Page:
WELLESLEY, Mass., Dec. 17, 2010 /PRNewswire/ -- As corporate officers look to 2011, they must factor in four business landmines to their business plan and create a risk management plan to protect their profits, says Enterprise Risk Management Expert Gary Patterson.
"These volatile economic times are not for the faint of heart. There will be winners and losers. Those management teams and companies that take direct control of their financial destinies in an effort to fund high-return opportunities will be the victors; those that let the external economic forces derail them will be the victims. Basically, what we have here is the difference between accidental and intentional results," says Patterson, the author of "Stick Out Your Balance Sheet and Cough."
He points to four key factors that business leaders should review if they are to reach their fiscal goals.
- Capital will remain on strike. Thousands of new rules and regulations are in the process of being written by governmental employees with limited or no real world business experience under almost impossible-to-meet timeframes. For your target industry, how can your business understand its costs? And how can you know your profits if you do not know your costs?
- Bankrupt state and local governments seem unable to kick the can down the road any further. With transparency coming on the true magnitude of unrecorded pension and healthcare liabilities, governments will be forced to cut back hundreds of thousands of bureaucrats and to dramatically reduce purchases. What are the unrecorded liabilities at your state?
- The unspoken insider secret is that almost any U.S.-based company would better serve its shareholders by moving overseas for headquarters and reinvestment opportunities. Taxes, regulations and costs would decrease almost immediately. Should you move your legal corporate headquarters?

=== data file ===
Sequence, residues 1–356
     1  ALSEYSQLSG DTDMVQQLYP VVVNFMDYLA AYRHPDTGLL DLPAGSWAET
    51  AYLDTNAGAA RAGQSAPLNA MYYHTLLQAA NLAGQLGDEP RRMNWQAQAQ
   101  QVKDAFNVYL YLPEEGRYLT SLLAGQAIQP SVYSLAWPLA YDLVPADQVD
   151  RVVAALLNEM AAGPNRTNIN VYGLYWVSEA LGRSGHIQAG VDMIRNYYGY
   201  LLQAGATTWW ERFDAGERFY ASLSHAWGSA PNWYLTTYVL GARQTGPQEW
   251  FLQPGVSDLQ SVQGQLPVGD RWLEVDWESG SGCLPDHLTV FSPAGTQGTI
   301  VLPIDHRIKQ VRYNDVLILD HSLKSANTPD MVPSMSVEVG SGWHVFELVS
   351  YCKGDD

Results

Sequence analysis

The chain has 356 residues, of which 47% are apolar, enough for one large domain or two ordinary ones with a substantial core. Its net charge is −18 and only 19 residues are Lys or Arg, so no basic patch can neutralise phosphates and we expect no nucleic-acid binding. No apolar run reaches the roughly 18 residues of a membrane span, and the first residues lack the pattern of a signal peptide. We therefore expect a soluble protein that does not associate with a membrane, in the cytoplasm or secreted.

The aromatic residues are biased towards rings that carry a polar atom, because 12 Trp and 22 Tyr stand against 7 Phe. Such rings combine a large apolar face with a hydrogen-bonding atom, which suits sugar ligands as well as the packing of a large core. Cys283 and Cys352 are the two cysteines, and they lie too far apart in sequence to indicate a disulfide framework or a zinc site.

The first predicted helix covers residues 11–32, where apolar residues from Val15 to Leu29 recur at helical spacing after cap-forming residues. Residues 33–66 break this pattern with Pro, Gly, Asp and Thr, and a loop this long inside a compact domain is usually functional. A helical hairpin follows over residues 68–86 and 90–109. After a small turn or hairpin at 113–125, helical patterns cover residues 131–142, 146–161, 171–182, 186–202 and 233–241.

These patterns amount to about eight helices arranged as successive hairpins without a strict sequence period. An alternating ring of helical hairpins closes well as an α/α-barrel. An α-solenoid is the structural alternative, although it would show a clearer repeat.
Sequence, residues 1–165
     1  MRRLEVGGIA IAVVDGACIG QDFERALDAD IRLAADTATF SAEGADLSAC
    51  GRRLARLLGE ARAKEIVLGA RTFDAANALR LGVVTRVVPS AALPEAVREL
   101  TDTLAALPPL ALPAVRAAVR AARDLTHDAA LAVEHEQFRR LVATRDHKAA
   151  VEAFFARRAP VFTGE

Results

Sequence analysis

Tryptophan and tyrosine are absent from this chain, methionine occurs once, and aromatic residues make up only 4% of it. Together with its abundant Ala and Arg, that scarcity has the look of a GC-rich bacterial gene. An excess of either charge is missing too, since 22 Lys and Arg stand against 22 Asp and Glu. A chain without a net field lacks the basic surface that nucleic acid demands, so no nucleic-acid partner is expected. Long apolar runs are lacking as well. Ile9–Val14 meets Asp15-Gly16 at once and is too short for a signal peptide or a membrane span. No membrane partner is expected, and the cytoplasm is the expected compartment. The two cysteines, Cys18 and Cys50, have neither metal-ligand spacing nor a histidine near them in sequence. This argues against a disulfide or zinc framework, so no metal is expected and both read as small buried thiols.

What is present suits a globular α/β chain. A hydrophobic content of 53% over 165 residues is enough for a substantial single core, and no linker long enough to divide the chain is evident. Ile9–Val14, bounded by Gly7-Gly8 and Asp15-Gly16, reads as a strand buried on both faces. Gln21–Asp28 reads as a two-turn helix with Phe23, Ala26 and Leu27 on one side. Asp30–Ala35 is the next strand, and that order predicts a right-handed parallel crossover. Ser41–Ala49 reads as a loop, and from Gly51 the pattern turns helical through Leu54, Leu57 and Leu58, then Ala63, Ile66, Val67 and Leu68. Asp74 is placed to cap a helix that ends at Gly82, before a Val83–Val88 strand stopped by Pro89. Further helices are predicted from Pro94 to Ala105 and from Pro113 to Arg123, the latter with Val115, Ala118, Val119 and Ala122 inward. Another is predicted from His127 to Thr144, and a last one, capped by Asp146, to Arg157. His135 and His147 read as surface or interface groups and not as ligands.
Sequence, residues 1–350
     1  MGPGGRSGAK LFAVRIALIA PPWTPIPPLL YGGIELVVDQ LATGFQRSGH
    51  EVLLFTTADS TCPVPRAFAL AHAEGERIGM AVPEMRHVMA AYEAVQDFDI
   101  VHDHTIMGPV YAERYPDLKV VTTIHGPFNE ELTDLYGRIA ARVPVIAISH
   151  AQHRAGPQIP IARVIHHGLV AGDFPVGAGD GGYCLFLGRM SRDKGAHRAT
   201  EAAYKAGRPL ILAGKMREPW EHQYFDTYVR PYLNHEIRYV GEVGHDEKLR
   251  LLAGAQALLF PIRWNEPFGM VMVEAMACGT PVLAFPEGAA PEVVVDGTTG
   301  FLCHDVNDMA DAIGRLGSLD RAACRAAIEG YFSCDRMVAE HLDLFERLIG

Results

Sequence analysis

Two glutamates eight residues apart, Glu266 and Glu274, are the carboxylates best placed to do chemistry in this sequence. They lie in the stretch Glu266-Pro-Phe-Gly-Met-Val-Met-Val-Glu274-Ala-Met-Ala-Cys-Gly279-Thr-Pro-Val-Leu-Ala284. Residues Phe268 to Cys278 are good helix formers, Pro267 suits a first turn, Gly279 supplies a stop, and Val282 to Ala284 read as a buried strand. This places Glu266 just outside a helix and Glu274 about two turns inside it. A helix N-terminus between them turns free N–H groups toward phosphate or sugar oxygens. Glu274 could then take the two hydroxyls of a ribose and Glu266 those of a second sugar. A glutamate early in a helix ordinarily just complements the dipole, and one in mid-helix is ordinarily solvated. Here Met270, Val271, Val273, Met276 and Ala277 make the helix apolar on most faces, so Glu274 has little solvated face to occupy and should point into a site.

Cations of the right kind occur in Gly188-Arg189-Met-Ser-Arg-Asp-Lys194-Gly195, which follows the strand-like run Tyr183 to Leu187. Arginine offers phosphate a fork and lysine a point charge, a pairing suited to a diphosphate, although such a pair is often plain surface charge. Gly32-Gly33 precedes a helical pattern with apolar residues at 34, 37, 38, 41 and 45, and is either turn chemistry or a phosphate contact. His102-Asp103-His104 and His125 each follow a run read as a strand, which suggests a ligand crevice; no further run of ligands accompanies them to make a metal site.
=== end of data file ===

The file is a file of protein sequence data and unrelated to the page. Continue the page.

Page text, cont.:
- With ongoing high unemployment and limited U.S. consumer growth, why hire people? Where are you incented to look for productivity gains instead?
"In summary, corporate boards will be looking at a U.S. economy with continuing mammoth unemployment and drag on U.S. consumer spending. The time period before U.S. business sees the rules, gets time to analyze the rules, and belated transparency gets some of the worst rules improved will maintain cash on strike for U.S. investment opportunities, versus overseas opportunities," said Patterson, who has helped over 200 companies in manufacturing, technology, service, construction and distribution in companies from start-ups to Inc. 500 to Fortune 500.
"Tough medicine is crucial," says Patterson, who gives speeches, seminars and in-company reviews as "The Fiscal Doctor." "While no one likes to get a bad diagnosis, once you know what's ailing you, it's much easier to tackle the problem and come up with a course of treatment to cure or manage the situation. So too, it is with your business. Acknowledging these few steps will help you take control of your financial destiny."
- Most boards have not truly embraced enterprise risk management to understand their existing risks. Until you understand strengths and weaknesses of your existing business, how can you prudently take advantage of future opportunities? If you have not gotten an outside independent enterprise risk management second opinion or a fiscal management review yet, you should.
- If cash is king, the king is not powerful if he is locked in the dungeon. Get back to the basics and control cash flow projections for the next 6 and preferably 12 months, on a rolling basis.
- If you don't think you need a contingency plan, think again. Every company needs a contingency plan. It could be as simple as creating a crisis communication plan or as complex as preventing possible worst-case scenarios from becoming a reality. Would you rather be a Tylenol success story or a BP disaster?
- Get back to the basics. Understand your real risks and 5 to 7 key performance metrics to get a better view of the risk and opportunities for next year. Then you will be the winner who exploits opportunities to take away the losers' best people, best customer and market share.
Patterson offers a risk strategy plan to help C-level executives.
The keys to conservatively taking aggressive actions are:
(1) Know how much risk you are taking
(2) Be able to survive if the worst downside occurs
(3) Be sure of your financial foundation (balance sheet and ability to project next 6 months cash)
About Gary W. Patterson
Gary W. Patterson, FiscalDoctor(R), is an internationally well-known expert and speaker on ORM, ERM, strategic planning, due diligence, business leadership, and risk analysis. For more information on the FiscalDoctor, visit his website at http://www.fiscaldoctor.com. Patterson also offers a "free" fiscal fitness test at http://www.fiscaldoctor.com/fiscaltest.html. He can be reached at 781-237-3637.
SOURCE Gary W. Patterson